Thank you for your advice which I will pass onto the garage. I will let you know what the resolution is.

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  • Answer #2

    March 16, 2010, 20:02
     Enthusiast

    Hi Alice2,
    I am a former Volvo tech, had about 25 years in the dealer and I might be able to help you. First of all even the European cars are all fuel njected, for this year model, none of them had carburators. What they have is an air mass meter and a throttle body. The big deal is whether or not this is a Turbo first of all. If the turbo charger has gone bad, or if the vacuum actuator for the turbo is siezed up it will kill the power in the engine and you will feel like you have an anchor behind the car. Second if you have a stick car then I doubt it has a turbo charger as Volvo didn't like to put Turbo's on straight stick trans cars. There were some other issues with these cars. They have a metal fuel filter under the car on most models that has a paper type filter material inside it. I have seen these where the paper inside collapses on the older models and blocks the flow of fuel. So have them check the fuel flow and the fuel pressure at the injector rail, it should be around 30 psi. The last thing has to do with the fuel pressure regulator. I have seen these go back and what happens is the diaphragm inside collapses and will block the excess fuel pressure from returning to the tank causing a very rich fuel mixture and flooding the engine. One other thing is a must and that is to look at the ignition coil. Volvo had a problem with the coil arcing to the metal frame around the coil and when the engine starts to get up to speed the coil arc's causing loss of power to the spark plugs and missfires. This is evident by white around both sides of the coil on the metal frame by the coil windings. I know this is a lot of technical mumbo jumbo but take it to the shop you have looking at it and tell them to check out these things. Also know that clearing the codes should clear any limp home mode. Make sure if you disconnect the battery to get the radio code to reset it from the dealer if you do not have it. You only have 3 chances to put it in or the radio will be locked out. Thats another story. I hope this helps, have them check the timing belt also to make sure the car is in time. Good luck.

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    alice2, March 17, 2010, 14:30
     Rookie

    Dear johnnyk17

    Thank you so much for your response. It happened to be very timely because this ended up going on for six months with the car going backwards and forwards and two days ago I went to see the garage about some compensation. I reckon it has cost me around £500 just in extra fuel as the car has been running on double petrol for six months. I am a market trader and needed to use the car no matter what.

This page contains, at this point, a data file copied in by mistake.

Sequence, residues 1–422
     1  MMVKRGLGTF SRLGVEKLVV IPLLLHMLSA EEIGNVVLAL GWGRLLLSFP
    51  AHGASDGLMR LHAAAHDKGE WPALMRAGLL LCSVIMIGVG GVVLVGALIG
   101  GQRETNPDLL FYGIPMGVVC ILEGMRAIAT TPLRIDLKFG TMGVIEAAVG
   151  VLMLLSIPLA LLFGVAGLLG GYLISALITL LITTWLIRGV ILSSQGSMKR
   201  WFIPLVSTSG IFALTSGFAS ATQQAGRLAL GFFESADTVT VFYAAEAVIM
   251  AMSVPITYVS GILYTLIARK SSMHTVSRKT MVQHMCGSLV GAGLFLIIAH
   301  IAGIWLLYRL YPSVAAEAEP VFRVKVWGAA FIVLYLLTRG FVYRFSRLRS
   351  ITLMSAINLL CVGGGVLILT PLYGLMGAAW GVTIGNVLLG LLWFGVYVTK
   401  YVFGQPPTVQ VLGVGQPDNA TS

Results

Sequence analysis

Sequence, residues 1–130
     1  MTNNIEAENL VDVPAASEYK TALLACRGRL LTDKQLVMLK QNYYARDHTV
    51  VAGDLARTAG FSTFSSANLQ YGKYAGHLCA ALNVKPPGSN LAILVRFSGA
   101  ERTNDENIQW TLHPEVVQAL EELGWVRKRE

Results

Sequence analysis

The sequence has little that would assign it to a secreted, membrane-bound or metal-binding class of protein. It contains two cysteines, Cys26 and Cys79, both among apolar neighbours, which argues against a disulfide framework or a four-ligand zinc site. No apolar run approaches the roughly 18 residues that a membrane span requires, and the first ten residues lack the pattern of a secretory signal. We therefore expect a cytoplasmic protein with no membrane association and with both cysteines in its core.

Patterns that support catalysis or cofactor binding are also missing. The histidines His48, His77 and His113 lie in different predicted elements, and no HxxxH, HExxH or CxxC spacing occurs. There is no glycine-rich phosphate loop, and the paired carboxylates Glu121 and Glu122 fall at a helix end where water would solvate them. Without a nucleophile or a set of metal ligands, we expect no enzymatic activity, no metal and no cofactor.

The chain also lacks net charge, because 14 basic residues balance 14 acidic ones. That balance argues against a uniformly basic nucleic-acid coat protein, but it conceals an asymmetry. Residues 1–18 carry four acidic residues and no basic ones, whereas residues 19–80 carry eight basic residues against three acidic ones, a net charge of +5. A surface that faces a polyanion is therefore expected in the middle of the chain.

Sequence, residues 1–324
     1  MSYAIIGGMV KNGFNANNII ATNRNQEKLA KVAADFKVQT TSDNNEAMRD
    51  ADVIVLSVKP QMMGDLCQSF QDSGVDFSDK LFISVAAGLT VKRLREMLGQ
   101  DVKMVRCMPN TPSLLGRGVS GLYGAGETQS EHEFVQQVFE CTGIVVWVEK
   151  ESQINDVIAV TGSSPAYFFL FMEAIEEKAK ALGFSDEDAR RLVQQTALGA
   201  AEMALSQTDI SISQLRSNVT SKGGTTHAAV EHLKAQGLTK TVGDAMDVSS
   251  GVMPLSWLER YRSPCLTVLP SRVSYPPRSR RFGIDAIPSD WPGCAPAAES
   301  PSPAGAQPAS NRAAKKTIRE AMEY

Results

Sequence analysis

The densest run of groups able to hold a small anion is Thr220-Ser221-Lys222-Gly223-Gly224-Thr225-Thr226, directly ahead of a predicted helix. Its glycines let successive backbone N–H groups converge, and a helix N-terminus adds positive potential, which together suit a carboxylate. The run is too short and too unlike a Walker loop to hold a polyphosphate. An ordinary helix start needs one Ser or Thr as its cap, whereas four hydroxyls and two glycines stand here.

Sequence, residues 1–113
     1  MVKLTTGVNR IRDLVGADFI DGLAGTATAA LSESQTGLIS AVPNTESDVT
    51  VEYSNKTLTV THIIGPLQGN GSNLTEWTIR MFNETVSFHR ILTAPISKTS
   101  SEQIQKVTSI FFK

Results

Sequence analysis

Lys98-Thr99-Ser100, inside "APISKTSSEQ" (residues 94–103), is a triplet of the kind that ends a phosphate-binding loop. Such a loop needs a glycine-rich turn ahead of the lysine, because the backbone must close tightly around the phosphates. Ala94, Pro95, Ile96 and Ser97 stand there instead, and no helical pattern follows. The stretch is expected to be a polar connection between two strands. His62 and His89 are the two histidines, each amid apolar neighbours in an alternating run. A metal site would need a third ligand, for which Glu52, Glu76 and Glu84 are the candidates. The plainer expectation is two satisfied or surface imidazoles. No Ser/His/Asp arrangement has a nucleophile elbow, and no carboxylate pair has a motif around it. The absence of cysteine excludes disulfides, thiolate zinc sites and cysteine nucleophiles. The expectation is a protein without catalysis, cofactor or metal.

I must have taken the car to the garage at least 25 times and altogether I reckon it cost me upwards of £2,000 in lost earnings, etc. not to mention wasted nerves as it ended up driving me up the wall.

    In January I took it to another garage where I had to take it about five times and ended up costing £450 in labour, parts and taxes to sort it out, just about what the car was worth.

    Naturally I had a bit of a gripe with them as well, in that they should have told me the engine was destroyed before I spent another £450 on it.

    They said that there was no real way of knowing that until they had investigated and tried replacing the various parts. They changed the mass air flow sensor, the EU temp regulator and repaired the wire to the computer, cleaned the very dirty fuel filter(!), then changed the fuel pressure regulator.

    Lastly (which I would have thought should be firstly) they told me that running the car that long on double petrol had basically destroyed the engine so that it was 'breathing heavy'.

    They seemed to be telling the truth, and seemed satisfied they had done a good job, so I think my real gripe is with the original garage. I'm going to see them tomorrow to see what they have decided they are prepared to do.

    I will come back with what they have said in the next few days.

    My (layman's) conclusion is that it was the fuel pressure regulator that was originally the problem, even though the computer said it was the MAF sensor. Possibly the fuel pressure regulator caused the MAF sensor not to work as I had three of those in the course of the six months.

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    alice2, March 17, 2010, 14:31
     Rookie

    I should have said they also changed the injector rail as that was out of place or something.

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  • Answer #3

    Visitor, December 30, 2010, 17:42

    ya i bought a new mass air flow sencer from NAPA . still had the same proublem you have , brork down went to the dealer, he put a Volvo mass air flow sencer in its bin fine for last 3 years . the dears part was less than the bad one i got from NAPA.
    they only $40.00 labor ,loluck
    2x 850 owners